Wednesday, 1 August 2012

How to Peel Tomatoes and Make Ketchup

Why would you care about peeling tomatoes, you ask? Because that's the first step to making your own ketchup! Unless you would rather just buy whole canned tomatoes. But that is far too easy for me. I'd totally grow my own tomatoes but it seems physically impossible to do on St Thomas. In the Bahamas my friend Penny could grow 20-30 tomatoes plants at once. During the winter. It was incredible. But not here. Not St. Thomas. This island gods hate tomatoes and want to stop them at all cost. Someone once told us that you used to be able to grow tons of tomatoes year round. Then a hurricane blew in some sort of fungus that kills them all off before they can finish ripening. Sounds crazy, yes? A hurricane blew in a fungus? But I believe it. You start believing the crazy once you've lived here long enough. And over the last six years we have grown a large number of beautiful tomato plants. Bright green. Strong. Plants that left that awesome tomato smell on your hands when you touched the leaves. But as soon as the plants start to flower they die. And fast. The heartbreak was just too much. So we stopped trying to grow our own tomatoes and started buying the $5 baskets at Fruit Bowl.

I usually do my semi-boring food prep like this on Sundays. Also, Roma tomatoes are best because there is more meat in them and less juice. At least that's my opinion. So start out by coring them (cut out the tomato belly button) and any bruised or weird parts (as the $5 basket tomatoes are sure to have).   

Then you're going to slice a not-too-deep X in the skin on the bottom of the tomato.

Get a pot of water boiling. Drop a few tomatoes at a time into the boiling water. And by drop, I mean lower with a spoon. Unless you would like boiling water splashed back up on your hand. Leave them in until the skin starts to blister and peel off at the X. (I think cookbooks would actually tell you to leave them in for a certain amount of time, but that never works for me. I just leave them in until they blister.) Once the skin starts to come away from the tomato, use your spoon to transfer the tomato to a bowl. Keep adding new tomatoes to the water until you're done.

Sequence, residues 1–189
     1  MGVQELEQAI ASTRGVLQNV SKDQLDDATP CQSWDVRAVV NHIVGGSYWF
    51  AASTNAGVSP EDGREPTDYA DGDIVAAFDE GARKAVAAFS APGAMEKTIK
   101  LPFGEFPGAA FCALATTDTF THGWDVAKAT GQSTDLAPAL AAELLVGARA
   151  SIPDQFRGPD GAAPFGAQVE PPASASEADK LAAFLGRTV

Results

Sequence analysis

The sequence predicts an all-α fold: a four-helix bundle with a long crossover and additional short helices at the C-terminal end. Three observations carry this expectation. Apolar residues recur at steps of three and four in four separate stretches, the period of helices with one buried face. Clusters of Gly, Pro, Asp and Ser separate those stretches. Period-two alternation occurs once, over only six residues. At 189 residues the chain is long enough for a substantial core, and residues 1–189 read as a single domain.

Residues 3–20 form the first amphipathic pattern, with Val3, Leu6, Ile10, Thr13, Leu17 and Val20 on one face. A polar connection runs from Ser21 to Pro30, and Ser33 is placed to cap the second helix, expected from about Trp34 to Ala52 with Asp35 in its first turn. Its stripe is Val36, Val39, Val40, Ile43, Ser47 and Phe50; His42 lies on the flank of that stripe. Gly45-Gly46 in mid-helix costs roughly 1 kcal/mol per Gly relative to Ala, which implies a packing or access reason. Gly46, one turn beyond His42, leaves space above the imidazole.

Let the tomatoes cool a bit. (Or don't, as I'm demonstrating in the picture below. But be prepared to scald your fingertips off if you do it my way.) Once they're cool enough to work with go ahead and peel the skin off the tomatoes. It should be pretty easy.

There you go. A bowl full of naked tomatoes. If you want, you can then squeeze each tomato to get rid of most of the juice and seeds that are inside. After that I usually freeze mine and use them instead of canned tomatoes. This way I avoid all the "AHHH! THERE'S BPA LEAKING INTO YOU CANNED TOMATOES GIVING YOU TERRIBLE HEALTH PROBLEMS AND GENERALLY CORRUPTING THE MORAL FIBER OF OUR CHILDREN!" insanity that is being reported these days. Then I use the tomatoes for sauce, ketchup, whatever as the need arises. I can usually complete the whole process during one Law and Order rerun. Avoiding BPA health risks and learning to never ever trust my rich college friend when she offers to take over managing my escort service (you will die. guaranteed. law and order has proven it as fact.) makes for a pretty productive Sunday afternoon in my book.

With some of your peeled tomatoes you could jump right into making ketchup to replace the Heinz in your fridge door. I used the recipe here. (Hint: that was a link.) It doesn't taste exactly like Heinz. But it does taste like tomatoes and is good on burgers. Seriously, last weekend I had a grass-fed beef burger on a homemade bun with homemade ketchup and homemade mustard. There are no words. No words.

Or you could skip all of this tomato nonsense and just watch Law and Order. Am I the only one that goes through tons and tons of tomatoes? Or am I just the only one that would go to all this trouble to avoid canned tomatoes?


  1. Replies
    1. nope, it's a little different. more flavor and not as sweet. but really great on burgers!